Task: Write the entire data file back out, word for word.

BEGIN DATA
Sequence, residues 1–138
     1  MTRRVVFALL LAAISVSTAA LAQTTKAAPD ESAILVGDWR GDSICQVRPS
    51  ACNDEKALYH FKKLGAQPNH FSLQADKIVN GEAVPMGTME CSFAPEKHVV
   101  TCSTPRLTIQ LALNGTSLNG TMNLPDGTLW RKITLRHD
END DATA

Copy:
Sequence, residues 1–138
     1  MTRRVVFALL LAAISVSTAA LAQTTKAAPD ESAILVGDWR GDSICQVRPS
    51  ACNDEKALYH FKKLGAQPNH FSLQADKIVN GEAVPMGTME CSFAPEKHVV
   101  TCSTPRLTIQ LALNGTSLNG TMNLPDGTLW RKITLRHD